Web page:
Mission presidents are either retired or leave their vocations for three years to preside over their mission. They live in properties owned or leased by the LDS Church, which also covers basic living and household expenses for mission presidents. Prominent examples include former United States Congressman Wayne Owens, former Governor of Utah Norm Bangerter, two-time Major League Baseball Most Valuable Player Award recipient Dale Murphy, and Harvard Business School professor Steven C. Wheelwright. They usually receive training in late June and begin the service about the first of July, unless there are emergencies or medical conditions that require otherwise.
Candidates are typically interviewed in the last few months of each year, initially by a member of the Quorum of the Twelve Apostles. If candidates are chosen, the First Presidency extends the call to serve. The official announcements of new mission presidents is typically done through the first few months of the subsequent year via the weekly Church News.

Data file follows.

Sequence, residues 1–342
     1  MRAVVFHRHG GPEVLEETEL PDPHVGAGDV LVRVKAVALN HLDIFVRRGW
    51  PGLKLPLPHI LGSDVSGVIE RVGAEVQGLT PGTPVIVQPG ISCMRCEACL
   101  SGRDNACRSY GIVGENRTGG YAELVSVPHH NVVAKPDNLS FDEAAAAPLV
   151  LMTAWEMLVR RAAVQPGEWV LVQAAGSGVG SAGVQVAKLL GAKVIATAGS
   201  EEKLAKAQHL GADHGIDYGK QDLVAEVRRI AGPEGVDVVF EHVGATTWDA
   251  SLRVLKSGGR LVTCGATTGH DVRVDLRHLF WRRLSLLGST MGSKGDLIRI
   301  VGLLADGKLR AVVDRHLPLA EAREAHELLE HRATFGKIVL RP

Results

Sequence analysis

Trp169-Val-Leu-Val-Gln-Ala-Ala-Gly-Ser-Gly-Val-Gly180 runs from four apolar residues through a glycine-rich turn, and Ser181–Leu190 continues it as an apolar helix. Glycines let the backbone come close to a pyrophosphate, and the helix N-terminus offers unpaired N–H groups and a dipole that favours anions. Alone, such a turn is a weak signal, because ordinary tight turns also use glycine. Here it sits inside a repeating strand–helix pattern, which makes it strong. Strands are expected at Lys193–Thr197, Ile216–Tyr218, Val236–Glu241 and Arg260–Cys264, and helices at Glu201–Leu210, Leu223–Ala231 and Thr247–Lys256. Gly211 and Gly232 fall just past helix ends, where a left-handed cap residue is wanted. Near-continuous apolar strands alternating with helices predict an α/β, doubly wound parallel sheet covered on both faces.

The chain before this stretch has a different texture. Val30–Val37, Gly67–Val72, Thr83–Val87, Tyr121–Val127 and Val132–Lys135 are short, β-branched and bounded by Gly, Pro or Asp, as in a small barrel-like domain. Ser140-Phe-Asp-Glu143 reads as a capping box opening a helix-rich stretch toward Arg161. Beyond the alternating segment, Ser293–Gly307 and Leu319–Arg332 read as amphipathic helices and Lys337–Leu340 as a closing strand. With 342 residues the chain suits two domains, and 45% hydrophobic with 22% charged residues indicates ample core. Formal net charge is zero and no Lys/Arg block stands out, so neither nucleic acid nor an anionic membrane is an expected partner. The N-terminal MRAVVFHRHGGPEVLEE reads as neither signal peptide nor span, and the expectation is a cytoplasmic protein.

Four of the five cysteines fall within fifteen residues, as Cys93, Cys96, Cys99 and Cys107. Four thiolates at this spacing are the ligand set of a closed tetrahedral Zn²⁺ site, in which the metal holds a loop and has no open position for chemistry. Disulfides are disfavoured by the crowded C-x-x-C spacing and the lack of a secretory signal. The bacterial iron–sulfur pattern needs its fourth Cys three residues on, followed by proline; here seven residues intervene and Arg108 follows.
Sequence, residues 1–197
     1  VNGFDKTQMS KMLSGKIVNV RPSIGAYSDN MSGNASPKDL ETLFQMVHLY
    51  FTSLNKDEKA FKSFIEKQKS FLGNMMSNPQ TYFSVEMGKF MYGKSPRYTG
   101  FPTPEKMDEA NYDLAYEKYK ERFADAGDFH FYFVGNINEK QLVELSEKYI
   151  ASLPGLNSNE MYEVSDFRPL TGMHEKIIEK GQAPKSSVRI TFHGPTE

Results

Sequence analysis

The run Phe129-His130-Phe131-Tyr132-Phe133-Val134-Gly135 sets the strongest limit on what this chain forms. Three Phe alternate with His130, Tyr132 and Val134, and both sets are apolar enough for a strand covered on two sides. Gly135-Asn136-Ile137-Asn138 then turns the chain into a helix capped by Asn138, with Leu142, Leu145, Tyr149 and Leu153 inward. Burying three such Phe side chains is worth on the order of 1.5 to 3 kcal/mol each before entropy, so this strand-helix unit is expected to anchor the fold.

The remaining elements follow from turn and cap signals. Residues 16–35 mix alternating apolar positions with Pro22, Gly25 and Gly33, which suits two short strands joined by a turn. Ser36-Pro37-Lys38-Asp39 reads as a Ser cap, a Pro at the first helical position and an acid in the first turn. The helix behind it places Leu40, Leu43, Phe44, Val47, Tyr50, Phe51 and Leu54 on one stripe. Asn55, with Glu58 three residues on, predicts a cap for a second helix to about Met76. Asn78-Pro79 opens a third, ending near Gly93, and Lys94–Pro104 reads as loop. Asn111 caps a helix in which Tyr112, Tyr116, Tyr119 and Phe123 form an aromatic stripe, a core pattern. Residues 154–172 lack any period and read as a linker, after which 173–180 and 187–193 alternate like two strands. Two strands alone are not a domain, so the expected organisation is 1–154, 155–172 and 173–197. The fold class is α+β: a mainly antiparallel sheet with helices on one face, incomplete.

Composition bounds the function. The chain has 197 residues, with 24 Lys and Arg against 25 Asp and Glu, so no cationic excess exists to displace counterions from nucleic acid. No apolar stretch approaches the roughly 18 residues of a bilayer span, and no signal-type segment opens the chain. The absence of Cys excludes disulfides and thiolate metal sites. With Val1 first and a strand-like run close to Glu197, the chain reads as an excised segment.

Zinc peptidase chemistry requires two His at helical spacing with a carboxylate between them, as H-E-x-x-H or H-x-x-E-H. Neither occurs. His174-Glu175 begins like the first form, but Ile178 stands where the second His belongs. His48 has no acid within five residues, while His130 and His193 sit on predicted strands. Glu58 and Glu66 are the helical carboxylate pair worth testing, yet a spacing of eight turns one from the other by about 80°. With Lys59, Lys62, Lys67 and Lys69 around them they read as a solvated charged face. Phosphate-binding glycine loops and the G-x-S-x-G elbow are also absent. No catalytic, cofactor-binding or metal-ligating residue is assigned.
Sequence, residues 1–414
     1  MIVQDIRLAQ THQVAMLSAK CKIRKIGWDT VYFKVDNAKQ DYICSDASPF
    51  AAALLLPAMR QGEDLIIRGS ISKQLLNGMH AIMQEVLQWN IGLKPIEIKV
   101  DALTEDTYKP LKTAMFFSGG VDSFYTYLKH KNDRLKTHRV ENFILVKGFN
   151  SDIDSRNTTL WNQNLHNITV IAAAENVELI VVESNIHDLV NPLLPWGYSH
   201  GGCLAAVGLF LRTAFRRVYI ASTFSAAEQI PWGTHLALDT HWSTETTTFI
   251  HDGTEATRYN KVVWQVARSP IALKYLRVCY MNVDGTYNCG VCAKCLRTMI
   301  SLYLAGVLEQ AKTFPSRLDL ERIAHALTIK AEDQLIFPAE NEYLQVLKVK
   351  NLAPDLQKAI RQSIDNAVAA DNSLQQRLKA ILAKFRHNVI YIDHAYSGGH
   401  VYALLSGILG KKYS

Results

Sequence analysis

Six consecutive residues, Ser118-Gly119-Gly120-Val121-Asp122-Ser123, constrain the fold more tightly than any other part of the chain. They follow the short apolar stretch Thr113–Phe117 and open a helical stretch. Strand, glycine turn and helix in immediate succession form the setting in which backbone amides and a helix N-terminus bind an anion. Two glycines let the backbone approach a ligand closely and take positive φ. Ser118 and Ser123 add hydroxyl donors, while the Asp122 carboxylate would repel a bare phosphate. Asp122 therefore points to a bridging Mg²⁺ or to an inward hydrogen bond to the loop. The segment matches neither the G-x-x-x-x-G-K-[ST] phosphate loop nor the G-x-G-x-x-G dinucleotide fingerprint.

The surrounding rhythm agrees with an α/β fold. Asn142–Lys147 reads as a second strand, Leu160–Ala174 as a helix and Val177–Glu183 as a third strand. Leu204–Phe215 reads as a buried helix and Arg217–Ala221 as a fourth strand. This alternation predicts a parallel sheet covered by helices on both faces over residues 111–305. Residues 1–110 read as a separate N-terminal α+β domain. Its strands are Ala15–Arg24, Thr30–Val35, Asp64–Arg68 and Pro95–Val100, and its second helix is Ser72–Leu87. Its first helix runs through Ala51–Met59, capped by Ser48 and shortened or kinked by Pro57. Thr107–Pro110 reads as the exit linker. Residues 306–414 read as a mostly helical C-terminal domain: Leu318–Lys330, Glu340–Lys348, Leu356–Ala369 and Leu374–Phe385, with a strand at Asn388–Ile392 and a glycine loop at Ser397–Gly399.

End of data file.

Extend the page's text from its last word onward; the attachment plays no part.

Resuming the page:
Unlike most positions in the church, when they are initially called, mission presidents are not subject to the common consent acceptance of any body of members. Once serving, they are subject to frequent votes of common consent in branches and districts over which the mission president presides.
Mission presidents generally supervise a group that ranges between 60 and 200 missionaries and direct their missionary labors. Missionaries are typically between the ages of 18–25, but can also include senior-aged couples and older single women.
Mission presidents are usually assisted by two counselors, who reside within the mission boundaries, in overseeing areas of the mission boundaries that are not organized into stakes; the three men together constitute the mission presidency and are each given the honorific title "President". The counselors serve in the mission presidency for varying periods of time while maintaining their regular employment. The responsibilities of the counselors are generally oriented towards the members of the church within the mission, often organized into districts and branches.